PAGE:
Scientists have traced mysterious radio waves to a dwarf galaxy more than three billion light years away.
The first "fast radio burst" (FRB) was discovered 10 years ago and they have baffled astronomers ever since.
The powerful but very short-lived bursts of radio waves - lasting no more than a millisecond - have been difficult to track.
Now, scientists at McGill University in Montreal and New York's Cornell University have used the Very Large Array - a multi-antenna telescope in New Mexico - to determine the exact location of the flash, known as FRB 121102.
Their findings have been published in the science journal Nature and presented at the American Astronomical Society's annual conference in Texas.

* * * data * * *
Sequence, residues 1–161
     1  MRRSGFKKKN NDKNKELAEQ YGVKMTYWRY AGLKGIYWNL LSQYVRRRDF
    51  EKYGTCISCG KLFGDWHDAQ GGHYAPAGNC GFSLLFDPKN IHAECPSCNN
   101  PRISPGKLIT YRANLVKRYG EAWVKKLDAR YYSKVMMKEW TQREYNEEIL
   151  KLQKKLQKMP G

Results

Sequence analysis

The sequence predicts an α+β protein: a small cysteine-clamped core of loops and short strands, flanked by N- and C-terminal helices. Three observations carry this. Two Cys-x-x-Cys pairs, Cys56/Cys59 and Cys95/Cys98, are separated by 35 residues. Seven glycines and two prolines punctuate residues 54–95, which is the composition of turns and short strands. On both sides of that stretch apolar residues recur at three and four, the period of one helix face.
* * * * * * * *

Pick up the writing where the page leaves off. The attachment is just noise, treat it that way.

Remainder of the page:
Astronomers studied nine bursts from the FRB for six months and were able to hone in on their exact position in the cosmos.
Dr Shami Chatterjee, from Cornell University, said: "These radio flashes must have enormous amounts of energy to be visible from over three billion light years away."
The cause of the bursts remains a mystery, however.
Some believe they are from a very dense neutron star with a powerful magnetic field - a "magnetar" - surrounded by debris from a stellar explosion.
The source could also be jets of material shooting out from the rim of a "supermassive" black hole.
Eighteen FRBs have been detected since the first one was discovered in 2007, but only one - spotted in 2012 by astronomers at the Arecibo Observatory in Puerto Rico - has recurred repeatedly.
As well as bright bursts from FRB 121102, an ongoing, persistent source of weaker radio emissions have been traced in the same region.
"Finding the host galaxy of this FRB, and its distance, is a big step forward, but we still have much more to do before we fully understand what these things are," said Dr Chatterjee.